from Wiktionary, Creative Commons Attribution/Share-Alike License

  • v. Alternative form of might.

from the GNU version of the Collaborative International Dictionary of English

  • Might.

from The Century Dictionary and Cyclopedia

  • n. An obsolete or dialectal form of might, preterit of may.
  • n. An obsolete or dialectal variant of moth.


Sorry, no etymologies found.


  • He "mought" keep us all night, but he'd "ruther not, as we could git a place to stay down the spur."

    A Knight of the Cumberland

  • "Why, yas, I reckon yo 'mought's well -- but seem's like yo' allus a-wantin 'to gad.

    The Gold Girl

  • Or listen to the President while keeping you mought shut.

    Defiant Wilson raises more than $200,000 after outburst

  • The part of Epimetheus mought well become Prometheus, in the case of discontentments: for there is not a better provision against them.

    The Essays

  • Queen Elizabeth of England, with bills to sign, but he would always first put her into some discourse of estate, that she mought the less mind the bills.

    The Essays

  • Surely Comineus mought have made the same judgment also, if it had pleased him, of his second master, Lewis the

    The Essays

  • But it mought be applied likewise to Pluto, taking him for the devil.

    The Essays

  • For so much was then subject to demonstration, that the globe of the earth had great parts beyond the Atlantic, which mought be probably conceived not to be all sea: and adding thereto the tradition in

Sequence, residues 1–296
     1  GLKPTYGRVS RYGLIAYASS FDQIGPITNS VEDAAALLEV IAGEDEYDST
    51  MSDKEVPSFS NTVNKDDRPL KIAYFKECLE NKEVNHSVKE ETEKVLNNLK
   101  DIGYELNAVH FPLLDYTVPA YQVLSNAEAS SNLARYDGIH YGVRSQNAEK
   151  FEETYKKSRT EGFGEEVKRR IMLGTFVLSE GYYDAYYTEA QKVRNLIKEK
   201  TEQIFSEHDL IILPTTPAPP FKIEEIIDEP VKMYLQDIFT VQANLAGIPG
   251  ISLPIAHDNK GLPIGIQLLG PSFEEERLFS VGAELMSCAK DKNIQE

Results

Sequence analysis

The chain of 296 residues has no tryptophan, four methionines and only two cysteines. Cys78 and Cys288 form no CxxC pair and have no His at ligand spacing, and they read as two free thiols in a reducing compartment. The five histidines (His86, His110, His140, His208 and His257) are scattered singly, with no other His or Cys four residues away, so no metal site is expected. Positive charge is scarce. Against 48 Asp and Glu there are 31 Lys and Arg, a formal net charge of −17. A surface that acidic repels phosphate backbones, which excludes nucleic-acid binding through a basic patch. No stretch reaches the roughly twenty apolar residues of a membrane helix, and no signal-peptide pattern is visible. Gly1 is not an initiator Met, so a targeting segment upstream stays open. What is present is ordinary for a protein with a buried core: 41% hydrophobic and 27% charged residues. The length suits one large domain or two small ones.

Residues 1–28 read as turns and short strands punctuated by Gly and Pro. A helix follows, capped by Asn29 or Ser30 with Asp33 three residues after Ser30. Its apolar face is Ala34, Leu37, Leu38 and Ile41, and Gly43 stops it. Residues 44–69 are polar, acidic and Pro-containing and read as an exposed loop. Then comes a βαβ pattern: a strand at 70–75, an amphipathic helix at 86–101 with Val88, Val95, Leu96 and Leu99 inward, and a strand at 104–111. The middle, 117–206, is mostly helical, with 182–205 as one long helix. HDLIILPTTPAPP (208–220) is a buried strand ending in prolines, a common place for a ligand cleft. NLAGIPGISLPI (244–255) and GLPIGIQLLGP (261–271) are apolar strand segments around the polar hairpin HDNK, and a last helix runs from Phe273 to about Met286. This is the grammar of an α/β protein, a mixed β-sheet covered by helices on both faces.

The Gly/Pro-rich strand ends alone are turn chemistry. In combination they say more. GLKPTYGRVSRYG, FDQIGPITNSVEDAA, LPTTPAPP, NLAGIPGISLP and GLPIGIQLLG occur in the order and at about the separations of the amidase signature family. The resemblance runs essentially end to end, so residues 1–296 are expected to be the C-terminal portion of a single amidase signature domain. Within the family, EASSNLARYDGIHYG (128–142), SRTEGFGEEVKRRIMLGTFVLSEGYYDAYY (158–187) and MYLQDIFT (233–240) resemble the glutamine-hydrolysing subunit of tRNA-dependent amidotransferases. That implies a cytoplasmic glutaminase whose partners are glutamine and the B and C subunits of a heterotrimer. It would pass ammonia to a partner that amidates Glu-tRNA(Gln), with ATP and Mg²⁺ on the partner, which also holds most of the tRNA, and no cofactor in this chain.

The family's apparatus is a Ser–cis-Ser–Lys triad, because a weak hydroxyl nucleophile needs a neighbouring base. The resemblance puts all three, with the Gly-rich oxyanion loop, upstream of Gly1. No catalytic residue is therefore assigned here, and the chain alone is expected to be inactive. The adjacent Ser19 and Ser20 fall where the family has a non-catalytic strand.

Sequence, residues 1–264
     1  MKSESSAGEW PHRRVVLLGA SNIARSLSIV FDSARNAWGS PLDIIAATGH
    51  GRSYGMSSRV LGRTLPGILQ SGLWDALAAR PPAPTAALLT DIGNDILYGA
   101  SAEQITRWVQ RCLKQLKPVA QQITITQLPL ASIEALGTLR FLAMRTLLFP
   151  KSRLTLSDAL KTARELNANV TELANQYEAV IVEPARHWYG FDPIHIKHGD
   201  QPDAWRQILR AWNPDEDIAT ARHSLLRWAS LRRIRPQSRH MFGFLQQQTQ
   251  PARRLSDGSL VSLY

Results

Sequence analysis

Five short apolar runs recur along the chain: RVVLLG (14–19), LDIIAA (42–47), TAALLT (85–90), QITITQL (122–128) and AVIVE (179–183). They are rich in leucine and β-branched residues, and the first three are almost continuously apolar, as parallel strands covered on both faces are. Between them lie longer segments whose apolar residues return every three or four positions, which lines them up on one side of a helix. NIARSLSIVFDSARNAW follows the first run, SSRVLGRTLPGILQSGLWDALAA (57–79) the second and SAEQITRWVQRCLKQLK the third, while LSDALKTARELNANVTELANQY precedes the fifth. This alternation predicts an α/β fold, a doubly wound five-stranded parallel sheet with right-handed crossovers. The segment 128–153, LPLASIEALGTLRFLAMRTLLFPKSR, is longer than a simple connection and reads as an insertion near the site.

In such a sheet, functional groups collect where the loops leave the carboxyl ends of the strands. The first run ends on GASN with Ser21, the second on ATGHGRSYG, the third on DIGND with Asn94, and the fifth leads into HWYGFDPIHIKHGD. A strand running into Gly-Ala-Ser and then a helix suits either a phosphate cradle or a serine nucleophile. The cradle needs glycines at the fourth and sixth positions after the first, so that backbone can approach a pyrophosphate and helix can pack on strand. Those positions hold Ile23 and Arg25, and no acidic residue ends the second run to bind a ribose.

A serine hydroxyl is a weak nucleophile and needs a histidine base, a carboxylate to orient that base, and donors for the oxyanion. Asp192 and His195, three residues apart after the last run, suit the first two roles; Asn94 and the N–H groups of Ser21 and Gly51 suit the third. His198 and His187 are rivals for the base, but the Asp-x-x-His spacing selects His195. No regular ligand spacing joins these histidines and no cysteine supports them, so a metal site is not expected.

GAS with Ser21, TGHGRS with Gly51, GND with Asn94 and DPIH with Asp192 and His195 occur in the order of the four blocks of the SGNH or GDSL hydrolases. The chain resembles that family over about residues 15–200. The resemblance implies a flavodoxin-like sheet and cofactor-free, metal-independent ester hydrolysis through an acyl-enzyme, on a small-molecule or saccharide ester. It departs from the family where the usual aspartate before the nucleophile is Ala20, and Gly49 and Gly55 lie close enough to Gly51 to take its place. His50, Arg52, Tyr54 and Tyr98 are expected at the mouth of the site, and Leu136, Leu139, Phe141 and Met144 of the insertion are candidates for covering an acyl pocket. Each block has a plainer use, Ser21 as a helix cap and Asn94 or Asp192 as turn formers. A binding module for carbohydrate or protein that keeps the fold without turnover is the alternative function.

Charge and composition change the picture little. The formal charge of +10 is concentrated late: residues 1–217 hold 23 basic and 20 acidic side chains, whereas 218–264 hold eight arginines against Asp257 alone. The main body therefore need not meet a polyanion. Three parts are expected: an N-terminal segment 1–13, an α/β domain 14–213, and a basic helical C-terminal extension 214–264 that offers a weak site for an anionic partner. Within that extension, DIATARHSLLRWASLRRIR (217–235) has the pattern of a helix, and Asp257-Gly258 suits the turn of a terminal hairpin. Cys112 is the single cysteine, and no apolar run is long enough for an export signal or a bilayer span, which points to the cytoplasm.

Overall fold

The Essays

  • And hereafter may do for that, as she turnes out: for one mought be loth to part with her, mayhap, so verry soon too; espessially if she was to make the notable landlady your Honner put into my head.

    Clarissa Harlowe

  • "Why, to speak de troof, massa, him not so berry well as mought be."

    The Gold-Bug


Log in or sign up to get involved in the conversation. It's quick and easy.

  • (verb) - (1) This old past tense of "may," now obsolete in England, has been retained in the South, and is very common in all parts of the Union. Until of late years, its use was mainly confined to . . . people in the interior of the New England states. Latterly, however, a spirit of change appears to have revived the popularity of this form. In North Carolina, "perhaps" is almost invariably rendered "it mought be."

    --John Farmer's Americanisms Old and New, 1889

    (2) Frequently heard in the South, where the negroes use it almost exclusively. Derived from the ancient verb mowe - the ancestor of may and corresponding to the German mochte - it was once correct.

    --M. Schele de Vere's Americanisms, 1872

    January 14, 2018